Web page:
December 15, 2010

...Learn TDD with Codemanship

Time To Look Seriously At Software Developer Apprenticeships

We have a problem in this country.

Well, we have many problems, but I want to talk about one in particular.

When I do my software craftsmanship spiel at conferences and wotnot, I start by putting software into context with a very brief history lesson.

In 1943 there was one electronic programmable computing device in the world. You can see a working replica of it at the National Museum of Computing at Bletchley Park.

Since that first quantum leap into the computing age, the growth of computing devices has been exponential. Today, we estimate there are more than 500 billion computing devices in operation - everything from desktop computers to the microcontroller that stops your toast from burning.

If the trend continues, and it shows no signs of abating, by 2050 computing devices could outnumber insects. And by 2100, there could be more computing devices on Earth than living organisms. Including bacteria. They'll be swimming through your bloodstream, deciding which cells to kill.

And the programs that these computing devices run will be written by...

Scared yet?

Another sobering trend is the complexity of the software these computing devices will be running. Take Microsoft Word as an example. Word 1.0 contained 30,000 lines of code, or thereabouts. Word 10 contains a staggering 10 million LOC. We see this trend everywhere. The first microcontrollers used in cars were relatively simple and basic, but today a luxury family saloon can be running anything up to 100 million LOC, if you throw in the MP3 player, the digital radio, the SatNav and all ther other stuff cars seem to require these days.

Modern civilisation is powered by computers, and the sole purpose of computers is to run programs. Think of the FTSE 100 here in the UK. Is there a single company on that list that could survive even a few weeks without its software? It's no coincidence that for decades now disaster recovery plans have focused on protecting data from floods, famines and nuclear wars.

The UK, and the developed world in general, is much deeper into the Information Age than maybe we realise. Computers and software have become as central to our society as clean water and antibiotics. And in the decades to come, they will play an increasingly pivotal role.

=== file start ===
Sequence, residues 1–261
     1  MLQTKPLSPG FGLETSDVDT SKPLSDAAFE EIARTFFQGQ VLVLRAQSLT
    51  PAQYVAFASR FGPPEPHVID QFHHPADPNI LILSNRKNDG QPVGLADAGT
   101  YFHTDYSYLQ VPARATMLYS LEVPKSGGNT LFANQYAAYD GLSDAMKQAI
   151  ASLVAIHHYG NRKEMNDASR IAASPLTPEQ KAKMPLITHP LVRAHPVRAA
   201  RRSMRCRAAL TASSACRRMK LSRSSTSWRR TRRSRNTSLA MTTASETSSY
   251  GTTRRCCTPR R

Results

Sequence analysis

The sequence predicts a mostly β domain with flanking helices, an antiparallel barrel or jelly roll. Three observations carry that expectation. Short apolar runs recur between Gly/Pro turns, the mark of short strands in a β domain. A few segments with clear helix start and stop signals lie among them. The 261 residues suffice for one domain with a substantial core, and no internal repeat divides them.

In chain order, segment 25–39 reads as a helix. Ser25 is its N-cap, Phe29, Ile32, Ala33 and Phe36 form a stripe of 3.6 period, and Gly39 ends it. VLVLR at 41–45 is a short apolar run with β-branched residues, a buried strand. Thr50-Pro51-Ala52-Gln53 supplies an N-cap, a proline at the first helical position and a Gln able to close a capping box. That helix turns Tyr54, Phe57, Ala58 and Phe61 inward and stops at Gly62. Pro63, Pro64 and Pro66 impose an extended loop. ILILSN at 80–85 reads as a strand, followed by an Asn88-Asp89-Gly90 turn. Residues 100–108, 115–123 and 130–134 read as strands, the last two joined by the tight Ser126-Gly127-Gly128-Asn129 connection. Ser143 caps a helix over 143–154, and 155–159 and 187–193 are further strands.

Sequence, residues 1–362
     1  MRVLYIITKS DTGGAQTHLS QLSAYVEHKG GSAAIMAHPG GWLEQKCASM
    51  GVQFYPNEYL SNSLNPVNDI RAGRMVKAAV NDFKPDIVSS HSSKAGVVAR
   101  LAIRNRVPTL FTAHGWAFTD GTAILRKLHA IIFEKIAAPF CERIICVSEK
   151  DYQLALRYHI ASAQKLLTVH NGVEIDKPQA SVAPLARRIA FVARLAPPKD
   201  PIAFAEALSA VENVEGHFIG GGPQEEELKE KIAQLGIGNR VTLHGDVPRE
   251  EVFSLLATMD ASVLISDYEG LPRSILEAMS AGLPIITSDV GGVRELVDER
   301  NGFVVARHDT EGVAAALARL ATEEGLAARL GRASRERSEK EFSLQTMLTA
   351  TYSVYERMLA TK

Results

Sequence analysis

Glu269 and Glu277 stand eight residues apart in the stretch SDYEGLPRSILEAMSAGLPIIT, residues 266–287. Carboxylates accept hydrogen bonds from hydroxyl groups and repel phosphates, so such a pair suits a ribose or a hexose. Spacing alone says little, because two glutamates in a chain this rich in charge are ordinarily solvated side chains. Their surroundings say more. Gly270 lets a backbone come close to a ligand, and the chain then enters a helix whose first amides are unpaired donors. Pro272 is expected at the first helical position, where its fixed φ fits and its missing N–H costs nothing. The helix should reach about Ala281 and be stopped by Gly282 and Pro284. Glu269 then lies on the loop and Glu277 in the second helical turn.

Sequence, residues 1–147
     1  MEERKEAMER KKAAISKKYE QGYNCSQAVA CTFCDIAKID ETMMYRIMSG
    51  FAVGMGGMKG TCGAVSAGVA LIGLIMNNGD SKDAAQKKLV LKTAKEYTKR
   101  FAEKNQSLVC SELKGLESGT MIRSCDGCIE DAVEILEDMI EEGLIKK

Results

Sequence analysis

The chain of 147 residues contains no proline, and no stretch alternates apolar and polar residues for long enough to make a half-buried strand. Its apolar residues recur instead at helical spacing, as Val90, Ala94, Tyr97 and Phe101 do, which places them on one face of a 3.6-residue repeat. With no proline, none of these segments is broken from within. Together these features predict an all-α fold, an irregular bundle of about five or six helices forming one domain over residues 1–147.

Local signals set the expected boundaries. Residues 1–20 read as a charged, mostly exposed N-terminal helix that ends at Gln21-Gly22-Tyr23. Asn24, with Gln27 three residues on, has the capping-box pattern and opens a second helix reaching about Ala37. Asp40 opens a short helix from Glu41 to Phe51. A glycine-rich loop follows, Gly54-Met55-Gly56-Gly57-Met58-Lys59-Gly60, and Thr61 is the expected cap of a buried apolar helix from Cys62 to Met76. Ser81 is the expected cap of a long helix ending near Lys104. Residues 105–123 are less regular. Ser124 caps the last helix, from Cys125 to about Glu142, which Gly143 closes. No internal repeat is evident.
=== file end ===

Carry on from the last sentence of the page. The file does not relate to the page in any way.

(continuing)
This makes the people who write computer software as fundamentally important to Digital Britain as the people who built railways and ships were to Steam Britain.

Like many of you, I've witnessed large, established organisations brought to their knees by their inability to create and adapt the software they need to drive their business. I've watched financial organisations prevented from rolling out new products and services while competitors steal the march on them. I've watched dotcoms ground into dust by their inability to respond to user feedback fast enough. I've watched traditional bricks-and-mortar businesses that have been around for over a century disappear almost overnight because their whole game changed with the release of a single computer system that made them instantaneously obsolete. Take the record industry: right now it's floating aimlessly around like a ghost that hasn't realised it's dead yet. All that damage inflicted on a 100-yr-old multi-billion pound industry by a simple digital audio file format.

This is just the beginning. As computers and software become more and more integrated into every aspect of our lives, the ability to produce working software and to adapt software based on feedback will become the primary limiting factor on not just our "digital economy", but our entire economy and our entire standard of living.

Whether or not programmers take steps to make their code reliable and easy to change will show up on the balance sheets of businesses of all sizes. It will be increasingly evident in the price of gas and electricity. It will show up in the success or failure rates of schools and hospitals. It will pervade every aspect of modern life.

As programmers, we must rise to the challenge. The tools and techniques we use to create software have changed little in 50 years. It still ultimately boils down to someone typing code into a text editor. And while the end product is orders of magnitude more complex than the programs being written in 1960, the underlying principles that govern software have stayed pretty much the same. Practices that were known to produce more reliable software, and that make software easier to adapt and evolve, have been understood for decades. OO programming is much older than you think. 40 years old, in fact. Unit testing is even older. Even something we might consider "shiny and new" like refactoring turns out to have been around for longer than today's computing undergraduates have been alive.

And yet, still, the vast majority of programmers don't know these basic practices and fewer still apply them. We have a lot of catching up to do. It's not acceptable that 90%+ of programmers don't refactor. (That's being generous - it's probably 99%+) It's not acceptable that 90%+ of programmers don't write tests for their code. It's not acceptable that 90%+ of programmers can't tell clean code from dirty code and think that m_XfrtYort_obj is a perfectly good name for a variable.

It's not acceptable, and not just for reasons of professional ethics or pride. It's not acceptable because our economy and our quality of life will suffer. Indeed, it almost certainly already does.

For Digital Britain to have a viaible future, the 90%+ that doesn't needs to be transformed into the 90%+ that does. And this is where our challenge really begins. Let's face it, it's not going to happen. Not on anything like the scale that it should.